“Everything was to be determined,” Bannon said. “Nothing was decided about who would do anything during the execution of the search warrant.”
In statements after the raid, police initially said they had knocked on Betton's door and announced themselves. When they went inside, they said he started shooting at them, prompting them to return fire.
However, the evidence revealed the officers' accounts weren’t accurate. Although there’s no body camera or dash cam video of the shooting, Betton had a surveillance system at his apartment and that video depicts what happened outside the home.
The video shows the officers directing one of Betton's neighbors to get on the ground. One officer then opens a screen door before another rams Betton’s front door. The video does not show an officer knocking. The video has no audio, so it’s unclear what, if anything, was said.
A neighbor who was outside the home told state investigators that the drug agents never knocked or identified themselves as police.
“He also said, very tellingly, ‘I really believe if they would have just announced themselves, he would have just walked out. It did not have to happen like that,’” Bannon recalled.
Betton has said he had a gun in his apartment, but he denied shooting at the police.
The State Law Enforcement Division (SLED) typically investigates police-involved shootings for local agencies in South Carolina, and their investigation revealed Betton never fired his weapon.
Yet an independent prosecutor who reviewed the case concluded that the agents who shot Betton — David Belue of the Myrtle Beach Police Department, Frank Waddell of the Coastal Carolina University Police Department and Chris Dennis of the Horry County Sheriff’s Office — acted in self defense.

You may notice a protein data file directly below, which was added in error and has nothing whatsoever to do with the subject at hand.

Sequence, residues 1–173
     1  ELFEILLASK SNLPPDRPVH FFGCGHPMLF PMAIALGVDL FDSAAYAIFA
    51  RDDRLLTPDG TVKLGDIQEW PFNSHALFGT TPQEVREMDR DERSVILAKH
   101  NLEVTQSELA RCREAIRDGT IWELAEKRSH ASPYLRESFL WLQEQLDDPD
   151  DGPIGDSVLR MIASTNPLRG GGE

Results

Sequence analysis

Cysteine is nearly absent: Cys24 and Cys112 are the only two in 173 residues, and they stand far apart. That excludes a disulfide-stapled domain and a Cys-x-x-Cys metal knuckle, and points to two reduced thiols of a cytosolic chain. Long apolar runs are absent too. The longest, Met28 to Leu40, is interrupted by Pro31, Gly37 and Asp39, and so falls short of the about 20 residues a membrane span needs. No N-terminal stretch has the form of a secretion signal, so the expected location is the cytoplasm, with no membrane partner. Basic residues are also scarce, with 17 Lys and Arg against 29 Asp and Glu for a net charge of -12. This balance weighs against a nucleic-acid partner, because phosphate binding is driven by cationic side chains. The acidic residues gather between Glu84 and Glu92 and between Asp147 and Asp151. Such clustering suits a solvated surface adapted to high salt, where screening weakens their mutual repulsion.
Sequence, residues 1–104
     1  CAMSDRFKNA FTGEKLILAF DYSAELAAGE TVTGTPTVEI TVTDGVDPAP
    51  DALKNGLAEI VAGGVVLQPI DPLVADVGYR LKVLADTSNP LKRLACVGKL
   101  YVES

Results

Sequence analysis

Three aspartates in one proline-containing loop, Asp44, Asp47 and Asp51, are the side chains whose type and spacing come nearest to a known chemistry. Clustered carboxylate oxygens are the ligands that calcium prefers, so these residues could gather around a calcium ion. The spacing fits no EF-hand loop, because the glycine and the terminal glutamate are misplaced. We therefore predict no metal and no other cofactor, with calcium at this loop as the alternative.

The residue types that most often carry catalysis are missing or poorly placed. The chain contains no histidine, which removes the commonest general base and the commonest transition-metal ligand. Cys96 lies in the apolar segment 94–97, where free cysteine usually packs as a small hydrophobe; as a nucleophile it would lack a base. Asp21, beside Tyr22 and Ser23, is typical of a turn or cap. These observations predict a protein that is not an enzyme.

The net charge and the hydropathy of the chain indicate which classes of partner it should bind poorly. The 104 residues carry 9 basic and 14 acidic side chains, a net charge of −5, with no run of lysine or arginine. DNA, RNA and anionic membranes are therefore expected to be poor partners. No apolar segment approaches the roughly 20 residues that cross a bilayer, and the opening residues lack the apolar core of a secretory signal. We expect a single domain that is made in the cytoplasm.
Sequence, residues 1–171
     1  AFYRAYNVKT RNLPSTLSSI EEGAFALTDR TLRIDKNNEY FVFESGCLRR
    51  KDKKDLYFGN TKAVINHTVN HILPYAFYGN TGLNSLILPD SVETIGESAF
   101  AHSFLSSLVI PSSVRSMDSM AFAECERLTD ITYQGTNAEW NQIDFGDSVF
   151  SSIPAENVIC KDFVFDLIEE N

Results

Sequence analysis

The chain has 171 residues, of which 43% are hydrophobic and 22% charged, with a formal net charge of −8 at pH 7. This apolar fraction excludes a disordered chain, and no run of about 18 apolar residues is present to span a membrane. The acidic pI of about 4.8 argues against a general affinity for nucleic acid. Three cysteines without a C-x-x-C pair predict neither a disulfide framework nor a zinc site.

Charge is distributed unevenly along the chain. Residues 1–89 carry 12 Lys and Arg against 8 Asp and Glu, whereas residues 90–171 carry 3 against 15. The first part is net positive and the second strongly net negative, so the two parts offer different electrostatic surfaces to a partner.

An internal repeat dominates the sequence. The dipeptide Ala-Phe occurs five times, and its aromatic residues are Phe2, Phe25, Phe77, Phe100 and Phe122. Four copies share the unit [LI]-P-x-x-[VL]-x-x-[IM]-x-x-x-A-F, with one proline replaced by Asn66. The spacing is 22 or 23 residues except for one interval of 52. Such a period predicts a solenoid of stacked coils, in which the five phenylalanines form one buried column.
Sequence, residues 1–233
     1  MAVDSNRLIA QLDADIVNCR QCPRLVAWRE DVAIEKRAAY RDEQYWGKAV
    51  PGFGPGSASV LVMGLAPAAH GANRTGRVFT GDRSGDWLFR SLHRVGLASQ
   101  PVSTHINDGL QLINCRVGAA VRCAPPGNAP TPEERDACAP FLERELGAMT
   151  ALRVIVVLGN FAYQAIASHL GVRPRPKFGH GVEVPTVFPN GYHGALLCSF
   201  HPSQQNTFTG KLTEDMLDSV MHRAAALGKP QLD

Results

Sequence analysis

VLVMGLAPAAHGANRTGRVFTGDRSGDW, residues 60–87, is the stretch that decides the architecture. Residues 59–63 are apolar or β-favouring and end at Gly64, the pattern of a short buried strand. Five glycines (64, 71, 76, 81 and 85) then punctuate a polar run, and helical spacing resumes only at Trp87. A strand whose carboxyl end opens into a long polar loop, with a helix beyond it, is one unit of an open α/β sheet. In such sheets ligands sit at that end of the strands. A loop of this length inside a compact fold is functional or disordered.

They did not face criminal charges.
"No one in the city, the county or the state's law enforcement structure has held anybody accountable for this," Bannon said. "Not in criminal law, not within their agencies. Literally nothing was done."
Belue still works for the Myrtle Beach Police Department. Dennis retired from the sheriff’s office in 2016 and Waddell now works for the Hanahan Police Department in Berkeley County (he left the CCU force in 2017 and began working in Hahahan in 2018), according to records from the S.C. Criminal Justice Academy.
Betton’s lawyers have criticized the law enforcement response to the shooting. They pointed out immediately after the shooting the three agents were allowed to meet with lawyers, go home and submit prepared statements the following day instead of submitting to SLED interviews.
“When SLED continued its investigation after receiving those statements, they determined that those statements were untrue on the two fundamental questions of the investigation, which is what happened when the police arrived and what happened when they got inside the house,” Bannon said. “They lied about both of those things. When SLED found out about that, nobody went back to talk to them about that. … I have never known a criminal investigation to have three alleged suspects tell the same lie and never get a return visit from the law enforcement agency that is ostensibly supposed to be investigating what really happened in the case.”
But when those agents were deposed for the civil case, they offered conflicting accounts about what happened.
When asked about the SLED lab’s conclusion that Betton didn't shoot at the police, Dennis insisted that Betton had fired at him.
“I’ve got all the respect in the world for SLED,” he said in the deposition. “They’ve got a stellar reputation. I’m not saying I agree with them. I’m not saying I disagree with them. I respect their answer. However, your client fired his weapon at me. He definitely pointed his weapon at me. He definitely fired.”